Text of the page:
Foreword Review — Jan / Feb 1999
For those scholars, poets, students of feminist literature and other followers of Hilda Doolittle’s poetry comes the definitive publication of her autobiographical work—finally available in its uncut, minimally revised form. The Gift includes such intimate views as H.D.’s family life, never-before-published pictures of her family and statements of her beliefs and innermost thoughts.
Written in WWII London during the Blitz, The Gift incorporates memory and spirituality with the mysticism of H.D.’s Moravian heritage to create a philosophically complex story by using the child-voice, flashbacks and stream-of-consciousness techniques reminiscent of Faulkner, Woolf and Stein.
Broken down into three distinct parts—stories about her mother, her grandmother and her own re-discovery of a hereditary spiritual “gift” —H.D. takes us on a journey of childhood remembrances that reveals this gift. The gift is, according to H.D.’s Moravian Christian belief, an eternal feminine spirit that manifests itself as a human bearer of peace to the world. Upon losing this spirit, the world finds itself in chaos—including evil deeds and warfare—until the gift is restored. Having repressed this gift since the age of ten, H.D. finds it again under the stress, pain and horrors of war; discovering in the process that though at times forgotten, the gift will never stay lost as long as the Spirit remains among people all around the world.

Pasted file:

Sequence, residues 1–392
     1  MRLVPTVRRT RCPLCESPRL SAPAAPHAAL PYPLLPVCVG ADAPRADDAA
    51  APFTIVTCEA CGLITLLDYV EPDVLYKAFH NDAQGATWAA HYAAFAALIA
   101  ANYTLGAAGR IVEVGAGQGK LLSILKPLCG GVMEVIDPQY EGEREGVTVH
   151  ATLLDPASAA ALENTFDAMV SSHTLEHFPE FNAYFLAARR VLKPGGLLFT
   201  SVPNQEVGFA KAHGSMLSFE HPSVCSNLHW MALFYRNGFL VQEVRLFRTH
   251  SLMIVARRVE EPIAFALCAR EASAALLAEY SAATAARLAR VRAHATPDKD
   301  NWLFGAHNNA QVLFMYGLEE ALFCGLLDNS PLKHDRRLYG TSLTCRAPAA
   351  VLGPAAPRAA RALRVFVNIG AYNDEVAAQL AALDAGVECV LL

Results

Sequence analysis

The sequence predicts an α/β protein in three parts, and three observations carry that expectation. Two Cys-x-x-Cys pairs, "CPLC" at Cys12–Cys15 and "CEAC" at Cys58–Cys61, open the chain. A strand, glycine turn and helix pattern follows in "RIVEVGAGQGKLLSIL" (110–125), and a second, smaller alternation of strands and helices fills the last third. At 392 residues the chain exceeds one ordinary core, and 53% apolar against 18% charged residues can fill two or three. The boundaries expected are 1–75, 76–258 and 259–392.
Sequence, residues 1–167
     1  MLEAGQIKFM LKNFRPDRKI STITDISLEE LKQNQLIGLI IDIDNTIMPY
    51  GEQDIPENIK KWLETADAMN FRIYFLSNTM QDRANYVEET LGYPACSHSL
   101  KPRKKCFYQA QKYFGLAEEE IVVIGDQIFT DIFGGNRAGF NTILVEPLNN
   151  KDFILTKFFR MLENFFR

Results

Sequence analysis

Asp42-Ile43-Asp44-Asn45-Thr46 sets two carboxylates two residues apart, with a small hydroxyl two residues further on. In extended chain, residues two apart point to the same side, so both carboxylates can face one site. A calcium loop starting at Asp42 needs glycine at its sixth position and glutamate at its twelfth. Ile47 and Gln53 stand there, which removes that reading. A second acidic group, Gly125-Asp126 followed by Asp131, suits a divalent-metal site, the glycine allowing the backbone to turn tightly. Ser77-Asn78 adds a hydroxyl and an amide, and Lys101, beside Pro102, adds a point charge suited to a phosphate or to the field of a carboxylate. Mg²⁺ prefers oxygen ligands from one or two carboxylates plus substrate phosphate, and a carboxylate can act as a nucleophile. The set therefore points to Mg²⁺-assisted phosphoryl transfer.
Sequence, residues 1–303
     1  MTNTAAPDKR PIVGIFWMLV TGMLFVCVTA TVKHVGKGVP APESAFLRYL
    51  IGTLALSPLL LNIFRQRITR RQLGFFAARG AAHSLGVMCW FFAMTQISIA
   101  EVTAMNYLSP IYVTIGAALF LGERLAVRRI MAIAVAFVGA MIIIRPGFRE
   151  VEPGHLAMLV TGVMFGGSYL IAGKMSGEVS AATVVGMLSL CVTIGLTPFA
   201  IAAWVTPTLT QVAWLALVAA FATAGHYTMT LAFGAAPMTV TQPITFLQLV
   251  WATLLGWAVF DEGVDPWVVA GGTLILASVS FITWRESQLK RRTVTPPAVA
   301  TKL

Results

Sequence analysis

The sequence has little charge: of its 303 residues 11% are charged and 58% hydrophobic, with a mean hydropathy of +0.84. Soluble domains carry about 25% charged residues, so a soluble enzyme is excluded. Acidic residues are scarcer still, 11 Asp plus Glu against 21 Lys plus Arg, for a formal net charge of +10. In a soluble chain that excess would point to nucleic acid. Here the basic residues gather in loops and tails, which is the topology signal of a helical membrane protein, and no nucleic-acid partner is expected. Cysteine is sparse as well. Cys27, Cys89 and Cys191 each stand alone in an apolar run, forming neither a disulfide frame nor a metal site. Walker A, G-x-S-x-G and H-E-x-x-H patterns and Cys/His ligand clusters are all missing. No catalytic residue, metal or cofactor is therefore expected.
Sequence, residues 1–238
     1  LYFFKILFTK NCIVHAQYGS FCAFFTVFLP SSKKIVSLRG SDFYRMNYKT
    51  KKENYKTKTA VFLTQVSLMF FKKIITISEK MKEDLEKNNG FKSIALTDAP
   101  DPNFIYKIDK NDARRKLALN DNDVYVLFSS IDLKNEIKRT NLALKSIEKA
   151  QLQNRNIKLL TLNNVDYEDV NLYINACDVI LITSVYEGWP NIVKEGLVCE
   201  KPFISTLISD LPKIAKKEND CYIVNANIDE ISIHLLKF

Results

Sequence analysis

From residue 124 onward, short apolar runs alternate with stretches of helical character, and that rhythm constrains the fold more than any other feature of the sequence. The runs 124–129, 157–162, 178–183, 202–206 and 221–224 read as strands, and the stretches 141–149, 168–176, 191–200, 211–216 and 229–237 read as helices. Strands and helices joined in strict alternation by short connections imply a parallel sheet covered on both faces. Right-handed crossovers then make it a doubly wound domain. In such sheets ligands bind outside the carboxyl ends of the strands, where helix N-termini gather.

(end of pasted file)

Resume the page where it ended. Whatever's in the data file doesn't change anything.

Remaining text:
A few items to take note of: 24 pages of introduction by editor Jane Augustine give the reader background before being immersed in H.D.’s dream-like sequences of events; notes following the story written by H.D. herself—essential in clarifying passages that would otherwise remain confusing to the reader. The Gift is a scholarly achievement that is technically and philosophically hard to understand, but a deeply rewarding work for those interested in cultural, spiritual and psychological studies.